28 March 2007

Missed opportunity

Here's why I think David Fielding's Met Helena production failed. One only has to think back to the magical Herbert Wernicke Die Frau ohne Schatten, a wildly successful new production at the Met five seasons ago. The Helena music may be a tad more problematic than the FroSch, but both have hyperchromatic shock-and-awe orchestral and vocal writing, and involve hysterically fantastic narratives. What Wernicke put together for the FroSch was a materialization of Strauss's intricate music: mirrored walls that scatter the light into bursts of color, moving sets to signify story transitions, landscapes that evoke tasteful otherworlds, and grand stage direction choreographed to respect the score. (Vivid in memory is the Emperor ensconced in a mirror cloak, with the entire mirrored stage, massive and bare, moving forward in an awesome fashion in Act III.) That production identified and strengthened the emotional, musical, and narrative landmarks in the libretto and score by creating appropriate stage magic to highlight them. We, the audience, were all assisted in tackling the thick Strauss by what we saw on stage.

I've now seen the Met Helena four times (yes, I did go last night too) and have become quite familiar with the basic architecture of the music. The Strauss score may seem amorphous, banging, and relentlessly chaotic at first blush, but there are points of clarity and accessible brilliance amidst the richness, and musical cues that push the mood of the opera in other directions. What a shame that the production team ignored them, and of those they chose to accentuate saw silly self-absorbed symbolism meant to induce either a chuckle or a "WTF?" (oh how witty ... etc., etc..). Three immediately come to mind: the entrance of a transformed Helena on a hard bed; the quick battle between Da-ud and Menelaus, marked with red arrows projected on the walls and attended by sophomoric choreography of Aithra's coterie; and the ending sequence, beginning with Poseidon's return, and wrapping up with the arrival of the Love Boat. Strauss imbued these scenes with majestic music, but instead of immersing in the celestial grandeur, the production gave us a coloring book with ridiculous characters and microscopic symbolism. There are plenty of ravishing orchestral moments that the production gave little thought to: Aithra conjuring a storm, Helana and Menelaus's arrival, Da-ud's entrancing solo (recalling Jochanaan's music in Salome), the scenes with Altair's horsemen and servants, and Hermione's entrance. These scenes, and many others, were marked only by the singers either shuffling from one side of the stage to the other, carrying bottles of potion or shells or swords of different makes and sizes, or by awkward arm gestures and facial expressions that look too stupid from afar. All missed opportunities.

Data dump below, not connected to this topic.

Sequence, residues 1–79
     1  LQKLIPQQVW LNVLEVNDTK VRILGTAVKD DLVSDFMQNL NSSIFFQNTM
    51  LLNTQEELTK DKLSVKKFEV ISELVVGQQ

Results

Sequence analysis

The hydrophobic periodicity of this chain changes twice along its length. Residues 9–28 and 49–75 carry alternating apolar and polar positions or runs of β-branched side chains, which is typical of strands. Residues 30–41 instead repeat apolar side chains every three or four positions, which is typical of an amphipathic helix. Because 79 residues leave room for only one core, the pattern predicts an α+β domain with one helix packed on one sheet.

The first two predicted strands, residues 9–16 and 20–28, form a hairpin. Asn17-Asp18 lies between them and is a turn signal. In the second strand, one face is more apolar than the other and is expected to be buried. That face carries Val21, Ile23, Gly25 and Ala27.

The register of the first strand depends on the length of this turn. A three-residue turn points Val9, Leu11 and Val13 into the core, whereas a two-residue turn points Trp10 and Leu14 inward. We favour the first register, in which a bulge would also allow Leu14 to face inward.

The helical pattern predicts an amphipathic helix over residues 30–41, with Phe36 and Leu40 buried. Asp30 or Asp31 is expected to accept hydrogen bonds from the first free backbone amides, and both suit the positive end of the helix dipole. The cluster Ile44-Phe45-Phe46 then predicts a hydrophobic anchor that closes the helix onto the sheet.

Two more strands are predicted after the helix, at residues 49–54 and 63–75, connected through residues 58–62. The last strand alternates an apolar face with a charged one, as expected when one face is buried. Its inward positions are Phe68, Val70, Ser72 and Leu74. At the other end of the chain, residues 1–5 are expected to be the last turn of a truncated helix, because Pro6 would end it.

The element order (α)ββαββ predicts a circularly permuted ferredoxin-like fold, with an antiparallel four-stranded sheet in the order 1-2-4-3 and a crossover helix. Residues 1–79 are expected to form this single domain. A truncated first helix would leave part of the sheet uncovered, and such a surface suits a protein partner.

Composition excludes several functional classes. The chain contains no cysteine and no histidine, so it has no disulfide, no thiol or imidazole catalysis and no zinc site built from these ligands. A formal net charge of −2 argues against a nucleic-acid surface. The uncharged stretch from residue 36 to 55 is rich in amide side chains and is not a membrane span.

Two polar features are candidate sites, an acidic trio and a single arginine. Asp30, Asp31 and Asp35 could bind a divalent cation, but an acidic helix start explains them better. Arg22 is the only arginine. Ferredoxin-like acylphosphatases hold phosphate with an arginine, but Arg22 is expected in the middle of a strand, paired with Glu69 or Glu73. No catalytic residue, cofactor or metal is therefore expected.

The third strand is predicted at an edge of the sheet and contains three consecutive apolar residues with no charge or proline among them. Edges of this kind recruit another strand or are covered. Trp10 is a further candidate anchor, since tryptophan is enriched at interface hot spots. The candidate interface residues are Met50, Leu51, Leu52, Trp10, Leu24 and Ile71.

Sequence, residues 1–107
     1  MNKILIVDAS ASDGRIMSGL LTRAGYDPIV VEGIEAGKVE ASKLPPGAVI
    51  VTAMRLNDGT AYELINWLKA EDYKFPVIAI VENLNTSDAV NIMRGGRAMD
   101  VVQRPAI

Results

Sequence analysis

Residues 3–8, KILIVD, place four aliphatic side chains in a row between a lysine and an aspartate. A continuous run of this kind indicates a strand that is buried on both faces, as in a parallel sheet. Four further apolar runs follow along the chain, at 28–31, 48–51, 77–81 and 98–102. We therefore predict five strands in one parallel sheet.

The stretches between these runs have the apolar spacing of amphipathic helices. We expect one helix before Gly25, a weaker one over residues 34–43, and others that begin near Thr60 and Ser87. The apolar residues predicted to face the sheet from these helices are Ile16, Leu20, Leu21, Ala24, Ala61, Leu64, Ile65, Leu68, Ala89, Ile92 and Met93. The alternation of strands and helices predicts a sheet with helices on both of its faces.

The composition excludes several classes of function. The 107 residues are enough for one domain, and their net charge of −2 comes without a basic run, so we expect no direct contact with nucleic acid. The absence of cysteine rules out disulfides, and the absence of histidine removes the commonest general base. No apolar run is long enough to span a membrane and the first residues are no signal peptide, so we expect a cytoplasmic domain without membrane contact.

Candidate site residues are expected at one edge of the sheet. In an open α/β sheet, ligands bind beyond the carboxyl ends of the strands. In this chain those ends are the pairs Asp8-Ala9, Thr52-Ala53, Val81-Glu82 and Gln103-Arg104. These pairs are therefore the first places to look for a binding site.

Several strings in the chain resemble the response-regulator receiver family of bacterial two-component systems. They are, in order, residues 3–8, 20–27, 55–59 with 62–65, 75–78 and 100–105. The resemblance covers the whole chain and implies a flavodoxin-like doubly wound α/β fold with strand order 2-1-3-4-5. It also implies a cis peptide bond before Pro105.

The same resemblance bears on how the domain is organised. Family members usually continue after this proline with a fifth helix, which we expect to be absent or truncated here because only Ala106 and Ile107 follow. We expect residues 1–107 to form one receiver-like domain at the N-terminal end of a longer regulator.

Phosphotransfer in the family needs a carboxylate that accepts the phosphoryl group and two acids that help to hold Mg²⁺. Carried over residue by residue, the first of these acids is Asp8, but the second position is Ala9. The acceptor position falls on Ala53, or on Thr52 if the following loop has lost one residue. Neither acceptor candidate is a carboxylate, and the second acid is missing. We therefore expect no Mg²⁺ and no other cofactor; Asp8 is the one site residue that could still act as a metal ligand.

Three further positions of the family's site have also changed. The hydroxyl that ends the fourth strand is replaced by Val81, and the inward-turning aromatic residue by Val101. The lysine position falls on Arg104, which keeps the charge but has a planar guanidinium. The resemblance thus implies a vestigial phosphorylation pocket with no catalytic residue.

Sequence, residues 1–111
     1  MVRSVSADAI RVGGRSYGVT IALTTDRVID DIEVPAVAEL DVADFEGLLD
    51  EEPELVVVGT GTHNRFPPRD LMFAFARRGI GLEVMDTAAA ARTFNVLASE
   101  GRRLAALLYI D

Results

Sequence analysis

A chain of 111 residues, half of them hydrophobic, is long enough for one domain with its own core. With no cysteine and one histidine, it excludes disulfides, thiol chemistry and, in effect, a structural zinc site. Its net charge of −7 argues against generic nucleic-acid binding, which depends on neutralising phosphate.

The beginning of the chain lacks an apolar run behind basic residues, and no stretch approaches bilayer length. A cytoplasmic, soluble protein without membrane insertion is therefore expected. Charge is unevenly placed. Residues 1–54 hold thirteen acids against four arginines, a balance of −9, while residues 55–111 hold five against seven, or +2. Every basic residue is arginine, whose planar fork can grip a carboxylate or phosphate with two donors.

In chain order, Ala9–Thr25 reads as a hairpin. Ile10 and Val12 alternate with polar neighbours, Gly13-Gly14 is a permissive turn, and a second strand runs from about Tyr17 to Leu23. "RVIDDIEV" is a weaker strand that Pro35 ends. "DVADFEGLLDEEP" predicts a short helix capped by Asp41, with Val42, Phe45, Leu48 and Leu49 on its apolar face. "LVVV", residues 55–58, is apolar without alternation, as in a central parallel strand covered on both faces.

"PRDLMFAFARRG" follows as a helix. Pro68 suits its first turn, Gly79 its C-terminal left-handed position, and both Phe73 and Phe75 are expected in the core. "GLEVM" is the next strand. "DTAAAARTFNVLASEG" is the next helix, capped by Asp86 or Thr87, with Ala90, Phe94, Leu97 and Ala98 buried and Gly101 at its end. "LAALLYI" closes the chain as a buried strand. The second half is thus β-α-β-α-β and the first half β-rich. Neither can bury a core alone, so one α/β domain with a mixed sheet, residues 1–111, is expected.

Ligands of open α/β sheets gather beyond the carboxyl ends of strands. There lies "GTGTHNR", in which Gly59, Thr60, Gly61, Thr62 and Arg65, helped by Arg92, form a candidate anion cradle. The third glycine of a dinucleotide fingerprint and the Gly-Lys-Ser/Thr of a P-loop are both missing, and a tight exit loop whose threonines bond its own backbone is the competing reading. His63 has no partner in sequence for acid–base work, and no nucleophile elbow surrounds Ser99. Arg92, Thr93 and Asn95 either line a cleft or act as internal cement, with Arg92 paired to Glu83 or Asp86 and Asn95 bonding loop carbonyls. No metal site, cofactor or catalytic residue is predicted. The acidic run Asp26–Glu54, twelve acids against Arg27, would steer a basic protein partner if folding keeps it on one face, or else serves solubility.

Yes, the story is nuts, but one could either take it for what it is and make the most of the richness of the score (Wernicke's FroSch), or mock the genius of Strauss by removing such "clutter", substituting with inside-joke backdrops, and poking cynical fun at every element of the narrative (Fielding's Helena). If this production took its cues from the music instead of suspect "wit" and personal "humor", a truly beautiful thing could have been created.